So let’s take this scenario…. You’re selling your home in Weston, MA, and with your Realtor’s help, you’ve priced it right – just below $1,000,000. Today at this price point, there’s a limited supply of inventory, a great deal of buyer demand, and your house is in move-in condition. Given all this, you now find yourself in a multiple offer situation, and in short order, you have to decide which offer to take – with your Realtor’s help, of course. So what do you do? How do you navigate these waters? Here are a few tips to help you when you find yourself in this scenario:
Determine your priorities – Generally 9 times of out 10, price is the most important and compelling component of the offer to sellers. Does that hold true for you as well? Assuming it does, after the pricing consideration, what is the next most important element of the offer? Is it the closing date? Is it the buyer’s financing? Is it the buyer’s profile? Or is it something else? Where do all of these considerations stack up on your priority list? Once you establish your priorities, you’ll be better able to evaluate the strengths of the offers.
Evaluate the contingencies – The two main contingencies in an offer are inspection (building, pest and radon) and mortgage contingencies. In terms of the former, you’ll want a tight inspection contingency timeframe. The shorter amount of time (standard is 7-10 days), the better because if the deal falls apart over inspection issues, you will have minimized your time off the market. With regard to the latter, there are several questions to consider. How is the buyer financing the purchase of your home? Are they paying cash? Or do they have a mortgage contingency? If they do, how much are they putting down and when is their commitment date? Do some offers include these contingencies and others don’t? The absence of one or more contingencies makes an offer much stronger – assuming the purchase price is in line as well.
Analyze the buyer profiles – What are the profiles of the buyers, and what is the family (if there is one) makeup? Why are they looking to buy (relocation, expanding family, downsizing), and why have they chosen your house? For example, it might be important to you that the buyers are planning to raise their family in the house – just like you did 30 years before – and are not tearing it down. Or perhaps you see an empty nester as the ideal buyer profile for your home. Getting the “right” buyer with needs and wants consistent with the strengths of your home usually nets a successful transaction.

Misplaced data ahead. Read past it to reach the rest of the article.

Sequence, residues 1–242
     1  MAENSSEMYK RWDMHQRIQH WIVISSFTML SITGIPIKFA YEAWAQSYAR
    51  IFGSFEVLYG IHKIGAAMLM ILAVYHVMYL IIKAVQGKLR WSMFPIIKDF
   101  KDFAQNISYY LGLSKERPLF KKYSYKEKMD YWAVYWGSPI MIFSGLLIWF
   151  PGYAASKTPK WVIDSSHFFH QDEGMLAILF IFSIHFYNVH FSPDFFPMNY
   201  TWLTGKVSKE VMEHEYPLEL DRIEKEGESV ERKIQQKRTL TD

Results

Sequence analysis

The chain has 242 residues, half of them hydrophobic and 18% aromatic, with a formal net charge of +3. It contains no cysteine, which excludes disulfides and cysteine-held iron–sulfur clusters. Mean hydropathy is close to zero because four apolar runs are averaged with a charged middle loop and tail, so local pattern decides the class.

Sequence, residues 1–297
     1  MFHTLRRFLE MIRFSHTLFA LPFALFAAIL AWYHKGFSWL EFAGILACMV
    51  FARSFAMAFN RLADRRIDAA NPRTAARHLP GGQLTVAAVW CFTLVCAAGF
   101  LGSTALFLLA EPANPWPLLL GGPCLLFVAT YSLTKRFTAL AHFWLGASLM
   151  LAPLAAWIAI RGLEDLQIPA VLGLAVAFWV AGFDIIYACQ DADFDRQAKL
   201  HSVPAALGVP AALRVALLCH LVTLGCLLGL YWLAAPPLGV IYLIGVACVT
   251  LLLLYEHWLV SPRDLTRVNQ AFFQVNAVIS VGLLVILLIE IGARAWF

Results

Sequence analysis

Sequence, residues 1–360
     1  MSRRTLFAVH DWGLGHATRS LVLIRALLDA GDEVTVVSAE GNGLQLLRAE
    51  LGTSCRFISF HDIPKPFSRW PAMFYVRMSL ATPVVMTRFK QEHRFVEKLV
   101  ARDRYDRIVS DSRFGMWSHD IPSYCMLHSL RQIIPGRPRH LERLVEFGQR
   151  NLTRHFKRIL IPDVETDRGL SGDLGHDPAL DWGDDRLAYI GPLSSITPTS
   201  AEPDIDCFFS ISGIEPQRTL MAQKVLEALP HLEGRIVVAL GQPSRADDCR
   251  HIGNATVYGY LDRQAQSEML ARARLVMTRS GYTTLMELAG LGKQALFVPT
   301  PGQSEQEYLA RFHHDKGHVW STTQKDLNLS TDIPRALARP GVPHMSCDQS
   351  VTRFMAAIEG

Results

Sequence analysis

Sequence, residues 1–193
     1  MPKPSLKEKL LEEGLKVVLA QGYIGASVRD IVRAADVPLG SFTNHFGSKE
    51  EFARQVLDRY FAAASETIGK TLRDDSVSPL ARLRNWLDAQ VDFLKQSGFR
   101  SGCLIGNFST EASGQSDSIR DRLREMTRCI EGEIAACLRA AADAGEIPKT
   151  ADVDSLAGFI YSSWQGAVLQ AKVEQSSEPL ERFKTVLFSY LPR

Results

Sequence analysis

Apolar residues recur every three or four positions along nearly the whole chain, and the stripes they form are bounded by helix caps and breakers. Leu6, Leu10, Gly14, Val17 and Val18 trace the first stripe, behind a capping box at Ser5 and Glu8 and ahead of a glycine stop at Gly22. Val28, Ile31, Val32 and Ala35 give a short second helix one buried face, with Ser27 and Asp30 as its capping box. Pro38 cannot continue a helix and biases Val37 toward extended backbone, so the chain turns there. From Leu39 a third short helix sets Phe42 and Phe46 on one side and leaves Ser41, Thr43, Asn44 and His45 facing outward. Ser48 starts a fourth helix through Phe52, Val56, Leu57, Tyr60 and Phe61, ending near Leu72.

Get feedback from your Realtor – In our neck of the woods where the showings are accompanied, your Realtor will have met all of the buyers, and so he/she will be a valuable source of information. What is his/her sense of these buyers? Have they put in offers elsewhere and then backed out of the deals? Do they seem to genuinely love the house or are they just trying to win the multiple offer competition? Choosing a buyer who seems to be emotionally invested in and committed to purchasing your house for all the right reasons will more likely result in a win-win process and outcome.
Decide how you will respond to the buyers – Part of the offer accepting process also includes how you deal with the offers and respond to the buyers. For example, if you have four offers, will you go back to all four and ask for their “final and best” offers? Will you just work with the two buyers who have the strongest offers and respond to them? Will you ask to keep the runner up’s offer as a back-up offer? These are all pertinent questions to ask as you entertain and evaluate the multiple offers. And on a related note, it will serve you well to respond to your potential buyers in a fair and gracious way. After all, you never know what will happen as you proceed down the path to completing the sale of your home. The offer you choose may implode, and you’ll be forced to revisit the other offers – assuming the buyers are still ready, willing and able.
In today’s market especially when selling a home below $1,000,000, you will often find yourself in the driver’s seat. And though at first pass it sounds great, it also comes with its own set of complications and stressors. Making sure you choose the “right” offer – or at least the offer that will get you to the closing table – is essential. To that end, I’m hopeful that by keeping these five tips in mind, and by delineating the offer evaluation and acceptance process as outlined above, your journey down this road will be less rocky and anxiety-filled and will also be more positive and rewarding.
Have you ever found yourself as a home seller with multiple offers from which to choose? If so, how did you evaluate the offers and decide which one to choose? Was the way you handled the process effective? Do you have tips or thoughts to share on the subject? I can’t wait to hear….
For more information on this or about the real estate market in Weston, Wellesley, Wayland and the surrounding towns or if you are considering selling your home, please contact me, Lisa Curlett (www.lisacurlett.com, 781-267-2844 or firstname.lastname@example.org), to answer any questions or for a complimentary home appraisal.